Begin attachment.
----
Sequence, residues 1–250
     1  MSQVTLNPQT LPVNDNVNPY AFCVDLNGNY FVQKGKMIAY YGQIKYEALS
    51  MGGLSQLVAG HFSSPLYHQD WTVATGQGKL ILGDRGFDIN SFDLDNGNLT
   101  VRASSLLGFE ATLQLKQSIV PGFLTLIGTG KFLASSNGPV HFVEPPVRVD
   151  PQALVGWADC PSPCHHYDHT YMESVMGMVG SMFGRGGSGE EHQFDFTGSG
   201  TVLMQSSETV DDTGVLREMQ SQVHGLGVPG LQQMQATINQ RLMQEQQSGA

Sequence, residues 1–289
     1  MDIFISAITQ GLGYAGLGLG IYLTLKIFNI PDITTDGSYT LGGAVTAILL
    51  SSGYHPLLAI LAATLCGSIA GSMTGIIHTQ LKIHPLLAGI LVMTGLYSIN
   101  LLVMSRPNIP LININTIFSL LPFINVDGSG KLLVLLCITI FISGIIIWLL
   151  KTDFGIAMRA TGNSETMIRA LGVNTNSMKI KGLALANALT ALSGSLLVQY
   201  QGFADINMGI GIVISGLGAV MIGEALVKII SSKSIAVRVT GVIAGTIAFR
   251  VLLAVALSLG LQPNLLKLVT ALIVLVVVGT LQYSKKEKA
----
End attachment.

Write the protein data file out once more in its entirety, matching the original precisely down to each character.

Sequence, residues 1–250
     1  MSQVTLNPQT LPVNDNVNPY AFCVDLNGNY FVQKGKMIAY YGQIKYEALS
    51  MGGLSQLVAG HFSSPLYHQD WTVATGQGKL ILGDRGFDIN SFDLDNGNLT
   101  VRASSLLGFE ATLQLKQSIV PGFLTLIGTG KFLASSNGPV HFVEPPVRVD
   151  PQALVGWADC PSPCHHYDHT YMESVMGMVG SMFGRGGSGE EHQFDFTGSG
   201  TVLMQSSETV DDTGVLREMQ SQVHGLGVPG LQQMQATINQ RLMQEQQSGA

Sequence, residues 1–289
     1  MDIFISAITQ GLGYAGLGLG IYLTLKIFNI PDITTDGSYT LGGAVTAILL
    51  SSGYHPLLAI LAATLCGSIA GSMTGIIHTQ LKIHPLLAGI LVMTGLYSIN
   101  LLVMSRPNIP LININTIFSL LPFINVDGSG KLLVLLCITI FISGIIIWLL
   151  KTDFGIAMRA TGNSETMIRA LGVNTNSMKI KGLALANALT ALSGSLLVQY
   201  QGFADINMGI GIVISGLGAV MIGEALVKII SSKSIAVRVT GVIAGTIAFR
   251  VLLAVALSLG LQPNLLKLVT ALIVLVVVGT LQYSKKEKA